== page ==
style within the group. Mark explained, not unreasonably, that most of them
were on the same level as him and some were actually senior, so he had no
authority and little in the way of influence to alter the group’s behaviour.
Following the meeting a rumour went round the organisation that the senior
management were thinking about promoting Mark over his entire
management group. As a result the group’s behaviour, if anything,
deteriorated and became even more resentful of the senior management and
Mark. He now felt that he could achieve little on his own and felt pressured by
both the aspirations of the senior management and the negativity of his
colleagues. Despite the difficulties and discomfort Mark was experiencing, the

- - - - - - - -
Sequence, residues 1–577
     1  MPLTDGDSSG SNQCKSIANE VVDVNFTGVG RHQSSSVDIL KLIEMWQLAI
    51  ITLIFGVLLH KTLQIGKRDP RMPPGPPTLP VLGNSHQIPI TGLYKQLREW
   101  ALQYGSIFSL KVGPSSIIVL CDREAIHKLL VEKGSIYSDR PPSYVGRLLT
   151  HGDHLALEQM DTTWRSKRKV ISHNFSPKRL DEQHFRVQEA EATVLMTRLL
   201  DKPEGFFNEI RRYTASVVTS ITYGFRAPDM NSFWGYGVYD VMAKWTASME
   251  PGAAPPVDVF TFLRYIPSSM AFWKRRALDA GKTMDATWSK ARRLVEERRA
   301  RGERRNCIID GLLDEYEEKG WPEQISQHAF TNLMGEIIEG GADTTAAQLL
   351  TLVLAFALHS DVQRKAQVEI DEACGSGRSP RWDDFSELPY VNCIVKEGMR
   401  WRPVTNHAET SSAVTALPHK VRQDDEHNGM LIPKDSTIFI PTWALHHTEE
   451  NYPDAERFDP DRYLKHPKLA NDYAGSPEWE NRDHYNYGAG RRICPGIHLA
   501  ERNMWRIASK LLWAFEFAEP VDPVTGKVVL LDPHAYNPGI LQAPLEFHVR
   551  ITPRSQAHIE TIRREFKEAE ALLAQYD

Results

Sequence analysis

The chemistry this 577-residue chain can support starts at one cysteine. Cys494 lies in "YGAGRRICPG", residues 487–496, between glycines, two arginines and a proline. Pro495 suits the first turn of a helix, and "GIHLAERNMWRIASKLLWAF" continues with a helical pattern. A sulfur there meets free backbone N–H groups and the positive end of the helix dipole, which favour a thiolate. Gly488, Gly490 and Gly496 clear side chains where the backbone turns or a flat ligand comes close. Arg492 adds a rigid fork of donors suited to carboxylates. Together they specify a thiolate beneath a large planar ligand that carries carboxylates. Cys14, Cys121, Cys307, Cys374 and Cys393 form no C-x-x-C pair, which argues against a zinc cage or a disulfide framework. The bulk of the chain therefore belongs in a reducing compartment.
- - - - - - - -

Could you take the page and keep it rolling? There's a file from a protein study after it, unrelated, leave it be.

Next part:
areas of business for which he was responsible had improved. Even though
Mark’s market analysis indicated that xxxxx organisation’s competitors were
becoming predatorily active. He shared this information with his colleagues
who dismissed his analysis. He also observed that in his experience the
senior management eventually take direct action if divisional managers
continually resist change. He comments, though well intentioned, further
alienated his colleagues. They were much more concerned with the internal
squabbles with the senior management. In fact Mark was now routinely
ignored by most of his management colleagues. After all, he did not seem to
be as friendly as he had been when he first joined xxxxx organisation. Never
the less, the organisation’s market share was declining, just as Mark’s